According to the "Guide to the Mangroves of Singapore" by Prof Peter Ng and N. Sivasothi, in Singapore there are only a few trees at the hot springs (Kampong Unum) of Pulau Tekong. Trees at Kampong Melayu (Pulau Ubin) and Kampong Mandai Kechil have died or been destroyed with development. The tree is difficult to distinguish from other Sonneratia species without the fruit. So it's fantastic to see the fruits today! In Sonneratia ovata, the sepals clasp the berry. While in the more commonly seen Perepat (Sonneratia alba), the sepals spread out forming a star-like shape behind the berry.I noticed there were a lot of tiny ants all over the fruits.Here's a developing berry within the clasping sepals. And then, there was this thing. I'm not sure what happened here. Is the fruit supposed to fall off while the sepals remain stuck on the branch? I don't really know.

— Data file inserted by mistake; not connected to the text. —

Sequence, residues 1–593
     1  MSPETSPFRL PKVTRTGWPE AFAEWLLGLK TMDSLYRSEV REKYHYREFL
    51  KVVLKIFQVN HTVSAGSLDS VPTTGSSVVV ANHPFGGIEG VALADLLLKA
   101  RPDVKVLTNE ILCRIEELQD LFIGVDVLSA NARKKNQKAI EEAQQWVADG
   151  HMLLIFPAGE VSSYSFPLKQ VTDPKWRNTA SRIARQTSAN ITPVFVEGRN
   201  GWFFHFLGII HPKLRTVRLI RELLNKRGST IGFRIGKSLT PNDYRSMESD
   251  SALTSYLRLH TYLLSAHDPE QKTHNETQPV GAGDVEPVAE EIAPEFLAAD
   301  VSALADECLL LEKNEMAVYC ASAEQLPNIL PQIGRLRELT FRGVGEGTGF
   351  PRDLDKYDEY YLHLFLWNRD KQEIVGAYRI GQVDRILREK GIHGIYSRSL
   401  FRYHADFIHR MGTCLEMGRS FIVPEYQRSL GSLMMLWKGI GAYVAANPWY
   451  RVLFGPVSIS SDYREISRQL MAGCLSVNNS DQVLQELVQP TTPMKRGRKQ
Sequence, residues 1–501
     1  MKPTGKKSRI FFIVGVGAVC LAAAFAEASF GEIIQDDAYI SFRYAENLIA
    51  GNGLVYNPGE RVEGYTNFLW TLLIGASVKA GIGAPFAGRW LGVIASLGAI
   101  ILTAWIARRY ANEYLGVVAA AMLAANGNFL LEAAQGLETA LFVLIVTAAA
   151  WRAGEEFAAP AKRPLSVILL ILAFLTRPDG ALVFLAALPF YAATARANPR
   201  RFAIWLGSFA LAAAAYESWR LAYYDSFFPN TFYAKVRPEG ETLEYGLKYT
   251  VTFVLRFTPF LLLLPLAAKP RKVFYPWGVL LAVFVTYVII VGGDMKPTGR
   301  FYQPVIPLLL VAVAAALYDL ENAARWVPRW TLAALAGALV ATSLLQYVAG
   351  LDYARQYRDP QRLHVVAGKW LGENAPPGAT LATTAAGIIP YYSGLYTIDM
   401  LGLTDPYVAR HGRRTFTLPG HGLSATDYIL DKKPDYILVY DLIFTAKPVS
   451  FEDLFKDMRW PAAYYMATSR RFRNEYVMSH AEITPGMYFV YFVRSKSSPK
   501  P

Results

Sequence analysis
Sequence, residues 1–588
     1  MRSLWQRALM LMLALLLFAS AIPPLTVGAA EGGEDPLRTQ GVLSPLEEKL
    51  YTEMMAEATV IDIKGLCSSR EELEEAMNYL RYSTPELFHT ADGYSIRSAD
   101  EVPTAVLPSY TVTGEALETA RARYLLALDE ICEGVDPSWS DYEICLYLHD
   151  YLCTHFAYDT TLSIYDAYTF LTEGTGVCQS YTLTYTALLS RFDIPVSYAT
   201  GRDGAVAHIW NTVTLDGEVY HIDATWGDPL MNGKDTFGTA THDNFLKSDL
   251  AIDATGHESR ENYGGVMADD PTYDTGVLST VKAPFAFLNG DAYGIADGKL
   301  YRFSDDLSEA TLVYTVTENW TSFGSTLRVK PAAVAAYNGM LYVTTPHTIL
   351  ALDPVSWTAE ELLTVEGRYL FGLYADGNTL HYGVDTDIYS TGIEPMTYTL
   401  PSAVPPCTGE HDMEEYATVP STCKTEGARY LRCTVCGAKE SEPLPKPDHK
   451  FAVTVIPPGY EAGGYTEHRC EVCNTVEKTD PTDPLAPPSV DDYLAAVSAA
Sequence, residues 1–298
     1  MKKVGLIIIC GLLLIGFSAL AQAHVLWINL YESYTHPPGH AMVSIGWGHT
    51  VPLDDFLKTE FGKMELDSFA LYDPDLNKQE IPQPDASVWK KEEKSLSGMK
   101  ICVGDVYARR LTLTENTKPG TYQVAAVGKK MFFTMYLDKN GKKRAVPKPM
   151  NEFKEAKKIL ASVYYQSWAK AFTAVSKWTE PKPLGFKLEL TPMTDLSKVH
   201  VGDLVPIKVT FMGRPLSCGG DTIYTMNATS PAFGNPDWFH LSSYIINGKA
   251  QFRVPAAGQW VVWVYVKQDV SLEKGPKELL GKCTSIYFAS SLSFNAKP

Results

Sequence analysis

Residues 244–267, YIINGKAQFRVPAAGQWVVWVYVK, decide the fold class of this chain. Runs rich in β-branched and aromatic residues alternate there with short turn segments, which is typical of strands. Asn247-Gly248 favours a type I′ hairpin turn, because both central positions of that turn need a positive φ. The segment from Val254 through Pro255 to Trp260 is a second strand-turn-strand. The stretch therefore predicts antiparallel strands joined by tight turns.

The tree was short and was in the middle of a whole bunch of other plants. So it's not possible to see its trunk or roots.
But here's a look at its leaves.
What a great find today! And thanks to Chay Hoon's eagle eyes for spotting it!
- Hsuan Keng, S.C. Chin and H. T. W. Tan. 1990, The Concise Flora of Singapore: Gymnosperms and Dicotyledons. Singapore University Press. 222 pp.
- Davison, G.W. H. and P. K. L. Ng and Ho Hua Chew, 2008. The Singapore Red Data Book: Threatened plants and animals of Singapore. Nature Society (Singapore). 285 pp.
- Tomlinson, P. B., 1986. The Botany of Mangroves Cambridge University Press. USA. 419 pp.
- Giesen, Wim and Stephan Wulffraat, Max Zieren and Liesbeth Scholten. 2006. Mangrove Guidebook for Southeast Asia (PDF online downloadable). RAP publication 2006/07 Food and Agriculture Organization of the United Nations Regional Office for Asia and the Pacific Bangkok.